I'm MIA these days because I'm knee deep in presidential politics. We elect a president once every four years and, well, I'm blogging furiously about it. But I can't blog about it if I don't follow it.

And I write about political stuff mostly early into the AM.

(If you wanna know where I am when I'm not here, you can go to Fumbling Toward Divinity And it's not just politics, although that's its main focus of late.)

That's why I missed the final. I'd have watched it if I were awake, but alas, I slept right through it.

No biggie. It's not as though I've never seen these two play on clay.

What's crystal clear, though, is that the Rafa/Raja rivalry still inspires more discussion than any other rivalry in tennis, no matter what I think about it.

So, carry on, people, carry on!

Helen W said...

Hey Craig, glad to know that your reduced participation in this blog is for a positive reason :)

Beth said...

Thanks Craig! I look forward to becoming a frequent flyer here. I will check out your link....and, again, this is a great blog and I've really enjoyed it. Actually been reading it for a long time and just recently decided to put in a comment. I think I was reticent (or shy) about commenting because I am probably not nearly as well versed as many of you about tennis (despite being an avid fan and watching matches for decades now). I can't analyze Roger's forehand or necessarily tell you where Rafa's game needs improvement....or explain why Hewitt can't seem to get it together or why Nalbandian hasn't won more tournaments despite his obvious talent.... I watch matches for the pure pleasure of seeing tennis PLAYED and I am not adept at breaking down the mechanics of what happened on court. I guess I experience it more viscerally and emotionally than intellectually :-) Anyway, despite my lack of technical knowledge it is wonderful to see a community of people as excited about the players, their matches and tournaments as I've always been! I will definitely check out Fumbling Toward Divinity. Thanks again!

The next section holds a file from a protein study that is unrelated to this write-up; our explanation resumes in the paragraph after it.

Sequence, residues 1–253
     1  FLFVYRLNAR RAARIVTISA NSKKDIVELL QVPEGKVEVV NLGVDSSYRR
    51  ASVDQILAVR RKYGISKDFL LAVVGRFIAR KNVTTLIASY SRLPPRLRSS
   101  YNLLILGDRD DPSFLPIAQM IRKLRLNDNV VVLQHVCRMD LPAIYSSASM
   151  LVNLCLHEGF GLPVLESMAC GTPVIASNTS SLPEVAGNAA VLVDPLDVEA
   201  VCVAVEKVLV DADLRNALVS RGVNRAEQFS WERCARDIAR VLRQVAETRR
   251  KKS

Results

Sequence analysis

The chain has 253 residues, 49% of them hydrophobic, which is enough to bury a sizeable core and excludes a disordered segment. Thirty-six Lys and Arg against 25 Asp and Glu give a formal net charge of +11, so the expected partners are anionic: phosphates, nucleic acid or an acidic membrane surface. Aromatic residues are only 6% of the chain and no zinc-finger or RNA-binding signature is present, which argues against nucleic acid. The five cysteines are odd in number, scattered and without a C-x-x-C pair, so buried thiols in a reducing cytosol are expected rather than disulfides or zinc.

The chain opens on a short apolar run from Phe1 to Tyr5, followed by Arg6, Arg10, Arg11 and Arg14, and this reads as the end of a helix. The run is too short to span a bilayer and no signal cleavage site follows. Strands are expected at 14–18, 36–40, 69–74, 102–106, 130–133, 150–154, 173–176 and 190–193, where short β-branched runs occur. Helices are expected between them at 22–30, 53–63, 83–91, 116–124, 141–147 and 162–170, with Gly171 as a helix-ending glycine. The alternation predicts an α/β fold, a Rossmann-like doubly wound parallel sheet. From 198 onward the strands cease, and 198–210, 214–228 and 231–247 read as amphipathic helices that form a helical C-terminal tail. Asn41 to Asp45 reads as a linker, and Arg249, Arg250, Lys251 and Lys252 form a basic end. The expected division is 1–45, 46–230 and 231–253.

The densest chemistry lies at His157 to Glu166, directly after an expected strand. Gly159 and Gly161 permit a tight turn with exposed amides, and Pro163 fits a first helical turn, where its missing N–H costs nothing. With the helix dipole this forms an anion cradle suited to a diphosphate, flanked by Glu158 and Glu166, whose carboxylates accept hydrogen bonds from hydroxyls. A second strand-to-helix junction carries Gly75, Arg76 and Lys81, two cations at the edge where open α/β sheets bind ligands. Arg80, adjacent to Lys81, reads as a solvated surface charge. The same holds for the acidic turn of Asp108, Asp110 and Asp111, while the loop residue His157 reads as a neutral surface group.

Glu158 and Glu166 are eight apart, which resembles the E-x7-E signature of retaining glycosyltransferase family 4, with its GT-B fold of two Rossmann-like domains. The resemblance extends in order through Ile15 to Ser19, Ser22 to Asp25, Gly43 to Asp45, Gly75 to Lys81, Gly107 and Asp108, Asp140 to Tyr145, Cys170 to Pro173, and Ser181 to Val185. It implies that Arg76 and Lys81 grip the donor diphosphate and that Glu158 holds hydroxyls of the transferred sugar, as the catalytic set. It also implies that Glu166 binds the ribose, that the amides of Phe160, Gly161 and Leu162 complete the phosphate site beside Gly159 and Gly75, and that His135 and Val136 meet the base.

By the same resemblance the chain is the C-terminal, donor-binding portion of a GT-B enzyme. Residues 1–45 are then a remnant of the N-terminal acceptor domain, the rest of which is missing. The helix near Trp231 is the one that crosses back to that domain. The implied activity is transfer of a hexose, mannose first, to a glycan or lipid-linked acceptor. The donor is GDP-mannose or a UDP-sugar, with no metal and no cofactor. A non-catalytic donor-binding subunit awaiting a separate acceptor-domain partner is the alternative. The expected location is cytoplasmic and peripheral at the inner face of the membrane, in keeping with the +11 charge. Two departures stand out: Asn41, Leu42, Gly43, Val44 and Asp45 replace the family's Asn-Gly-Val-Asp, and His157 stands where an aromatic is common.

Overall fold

PeytonAllen said...

Karen,

It could happen! As the ol' saying goes, "That's why they play the game." I expect Nadal to reign for a few more years on clay, but he has to produce the results!

And Craig..shame on you for quiting on the best match up in tennis, STILL.

And your man was in my state today playing against my Heels. I belong to the Green party so i won't be voting.

oddman said...

Wow! Look at all the comments - fantastic! Welcome, beth, nice to have you aboard.
Yup, this rivalry is compelling to discuss. Love it.
And Fedfans wouldn't be fans if they didn't believe their man would come out on top of Rafa on clay at some point. I believed Andy R. would get a win off Fed, and he just did. You never know.

rabbit said...

A pretty interesting article on players who retire in matches. Guess who comes out on top?

tangerine said...

Welcome Beth, it's nice to see another Massachusetts native post here. :)

rabbit, I saw that article too, it's very interesting. It's also interesting to note that the Serbs top both the men's and women's retirement lists (Novak and Jelena). Davydenko's record is also shameful. I find it difficult to get excited about that guy. Of the top four (heck, even the top 20), he is the Invisible Man.

Also, James Blake is the only top ten player other than Federer who has never retired from a match. Respect!